Does your social media policy fall short?

If like me, you keep an eye on the trending topics of your business, interesting stories show up. In the world of social media, there were 2 trending topics over the last week. One was the fact that the American Medical Association just created a social media policy for physicians and the other about a medical technician being laid off on the basis of her comments about her supervisor on Facebook (NY Times article).

First to the policy, it is simple, straight forward and still comprehensive. It can be summarized in 5 short statements:

  • Separate private and professional presence online
  • Respect Doctor-Patient privacy and confidentiality
  • Maintain Doctor-Patient relationship online
  • Use security settings to the maximize protection for your social media profiles
  • Know that your online presence will influence your offline reputation especially true with negative content


This is a great start but it is by no means a complete policy. I would consider it more some guidelines on usage rather than calling a policy. Some hospitals are taking this one step further and making more extensive policies that include aspects such as authenticity, honesty, disclaimers, etc. Good examples are the policies of the Mayo Clinic, Ohio StateUniversity Medical Center, etc.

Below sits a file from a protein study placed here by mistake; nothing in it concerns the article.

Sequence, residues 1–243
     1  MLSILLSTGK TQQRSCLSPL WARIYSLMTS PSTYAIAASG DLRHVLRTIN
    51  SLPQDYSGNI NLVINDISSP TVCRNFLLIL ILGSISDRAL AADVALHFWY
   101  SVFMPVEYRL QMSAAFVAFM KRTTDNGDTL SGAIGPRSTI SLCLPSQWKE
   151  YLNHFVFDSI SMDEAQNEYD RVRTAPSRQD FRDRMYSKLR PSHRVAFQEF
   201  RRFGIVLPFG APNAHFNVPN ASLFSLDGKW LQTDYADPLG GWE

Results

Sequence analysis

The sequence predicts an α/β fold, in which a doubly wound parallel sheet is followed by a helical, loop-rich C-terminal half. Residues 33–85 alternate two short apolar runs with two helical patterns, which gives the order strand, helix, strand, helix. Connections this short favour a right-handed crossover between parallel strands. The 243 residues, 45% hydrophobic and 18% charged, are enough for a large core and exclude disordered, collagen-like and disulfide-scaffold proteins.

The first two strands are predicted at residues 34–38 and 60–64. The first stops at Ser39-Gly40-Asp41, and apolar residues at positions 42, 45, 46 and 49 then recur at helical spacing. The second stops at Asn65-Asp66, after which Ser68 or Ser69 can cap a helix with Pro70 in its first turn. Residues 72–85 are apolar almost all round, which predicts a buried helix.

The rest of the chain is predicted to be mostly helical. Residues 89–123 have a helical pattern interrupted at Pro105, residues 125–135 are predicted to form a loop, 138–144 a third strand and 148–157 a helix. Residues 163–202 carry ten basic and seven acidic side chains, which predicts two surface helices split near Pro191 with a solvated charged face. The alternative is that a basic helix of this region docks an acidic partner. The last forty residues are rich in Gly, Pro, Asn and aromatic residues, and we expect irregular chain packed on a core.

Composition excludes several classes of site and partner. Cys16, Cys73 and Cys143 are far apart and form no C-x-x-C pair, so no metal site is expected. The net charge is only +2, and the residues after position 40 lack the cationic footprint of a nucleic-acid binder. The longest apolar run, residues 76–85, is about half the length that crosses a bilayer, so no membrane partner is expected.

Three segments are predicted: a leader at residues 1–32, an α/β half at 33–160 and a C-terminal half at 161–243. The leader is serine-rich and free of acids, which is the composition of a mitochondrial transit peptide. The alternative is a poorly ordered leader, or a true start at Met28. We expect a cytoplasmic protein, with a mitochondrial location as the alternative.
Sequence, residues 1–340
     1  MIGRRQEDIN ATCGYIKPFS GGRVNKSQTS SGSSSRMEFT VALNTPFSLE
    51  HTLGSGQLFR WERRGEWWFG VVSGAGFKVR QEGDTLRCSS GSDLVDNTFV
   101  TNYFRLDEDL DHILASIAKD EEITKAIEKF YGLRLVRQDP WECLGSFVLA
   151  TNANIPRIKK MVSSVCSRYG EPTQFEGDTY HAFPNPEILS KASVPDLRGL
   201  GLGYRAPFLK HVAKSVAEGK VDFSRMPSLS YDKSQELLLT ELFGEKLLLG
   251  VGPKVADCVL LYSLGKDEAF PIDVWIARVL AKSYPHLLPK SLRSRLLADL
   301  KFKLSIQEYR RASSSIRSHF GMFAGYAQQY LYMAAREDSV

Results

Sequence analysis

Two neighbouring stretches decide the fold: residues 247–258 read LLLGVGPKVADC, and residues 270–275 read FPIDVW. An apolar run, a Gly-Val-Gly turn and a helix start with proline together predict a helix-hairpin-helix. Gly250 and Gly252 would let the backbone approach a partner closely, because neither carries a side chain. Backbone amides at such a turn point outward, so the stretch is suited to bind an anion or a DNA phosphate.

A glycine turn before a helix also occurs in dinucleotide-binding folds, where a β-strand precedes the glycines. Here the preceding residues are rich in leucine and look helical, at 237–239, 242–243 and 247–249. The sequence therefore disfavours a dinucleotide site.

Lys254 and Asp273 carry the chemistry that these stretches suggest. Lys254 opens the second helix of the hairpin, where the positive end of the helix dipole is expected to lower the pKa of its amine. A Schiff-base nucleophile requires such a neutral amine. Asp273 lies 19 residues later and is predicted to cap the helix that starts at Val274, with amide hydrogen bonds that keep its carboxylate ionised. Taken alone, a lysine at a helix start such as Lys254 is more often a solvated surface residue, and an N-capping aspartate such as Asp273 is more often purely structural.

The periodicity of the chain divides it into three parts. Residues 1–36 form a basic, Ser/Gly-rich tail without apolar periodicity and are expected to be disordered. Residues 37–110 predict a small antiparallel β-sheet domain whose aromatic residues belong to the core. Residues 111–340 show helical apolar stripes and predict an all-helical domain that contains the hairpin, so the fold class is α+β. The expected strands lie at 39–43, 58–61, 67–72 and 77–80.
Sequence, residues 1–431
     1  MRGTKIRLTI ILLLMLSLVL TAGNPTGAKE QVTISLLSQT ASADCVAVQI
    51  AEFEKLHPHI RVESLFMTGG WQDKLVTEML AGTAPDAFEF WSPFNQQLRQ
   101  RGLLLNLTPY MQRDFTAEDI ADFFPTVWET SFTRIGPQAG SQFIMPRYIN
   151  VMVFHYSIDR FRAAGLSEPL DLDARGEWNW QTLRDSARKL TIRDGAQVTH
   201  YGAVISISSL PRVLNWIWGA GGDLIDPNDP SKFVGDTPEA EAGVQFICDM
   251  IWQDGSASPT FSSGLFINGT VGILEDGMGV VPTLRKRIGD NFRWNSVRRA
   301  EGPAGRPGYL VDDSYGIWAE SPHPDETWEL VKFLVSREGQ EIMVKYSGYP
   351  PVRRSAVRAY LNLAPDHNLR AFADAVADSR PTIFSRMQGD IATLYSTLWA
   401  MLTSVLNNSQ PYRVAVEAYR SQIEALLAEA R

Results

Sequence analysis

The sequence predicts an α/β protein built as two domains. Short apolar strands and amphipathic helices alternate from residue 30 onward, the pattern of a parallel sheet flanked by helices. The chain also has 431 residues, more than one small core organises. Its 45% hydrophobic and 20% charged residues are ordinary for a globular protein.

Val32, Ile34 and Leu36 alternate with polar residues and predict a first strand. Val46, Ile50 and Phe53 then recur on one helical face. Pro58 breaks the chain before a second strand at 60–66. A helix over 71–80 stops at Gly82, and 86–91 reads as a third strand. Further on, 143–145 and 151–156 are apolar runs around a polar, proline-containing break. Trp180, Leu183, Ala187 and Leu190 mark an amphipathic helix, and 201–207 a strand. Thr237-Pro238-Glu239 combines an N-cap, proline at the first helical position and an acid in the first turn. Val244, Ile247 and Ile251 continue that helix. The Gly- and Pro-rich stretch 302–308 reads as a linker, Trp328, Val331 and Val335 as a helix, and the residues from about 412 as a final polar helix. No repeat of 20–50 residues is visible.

However, as companies are hurrying towards making and implementing such a policy, the latter trending topic is generating a ground breaking legal case, which is stopping companies in their tracks. What is going on? A medical technician was fired over violating the rule for depicting the company in a negative way on social media (specifically Facebook). National Labor Relations Board has jumped in and said this firing was illegal since employees have the right to talk about the working conditions whether that is at the water cooler, in a bar or even facebook. It is unrealistic to think that barring employees to talk about their company anywhere is an option and even a very restrictive social media policy will not help.

There are five conclusions I would like to draw up:

  • The best way to address such a situation is to have an open door policy where unhappy people can go and vent their frustrations to a real human being with no repercussions so they do not have to do this on social media.
  • Include a paragraph addressing respect for and defamatory statements about company, co-workers, clients, suppliers, etc.
  • Additionally, social media policies should include actions and consequences when the policy is not adhered to.
  • Often forgotten, is the fact that you need to make sure employees have read and understood the social media policy to the same extend as the employment policies.
  • Finally, employees have to keep in mind that they are also tarnishing their own reputation making these types of remarks and burdening their future employability.
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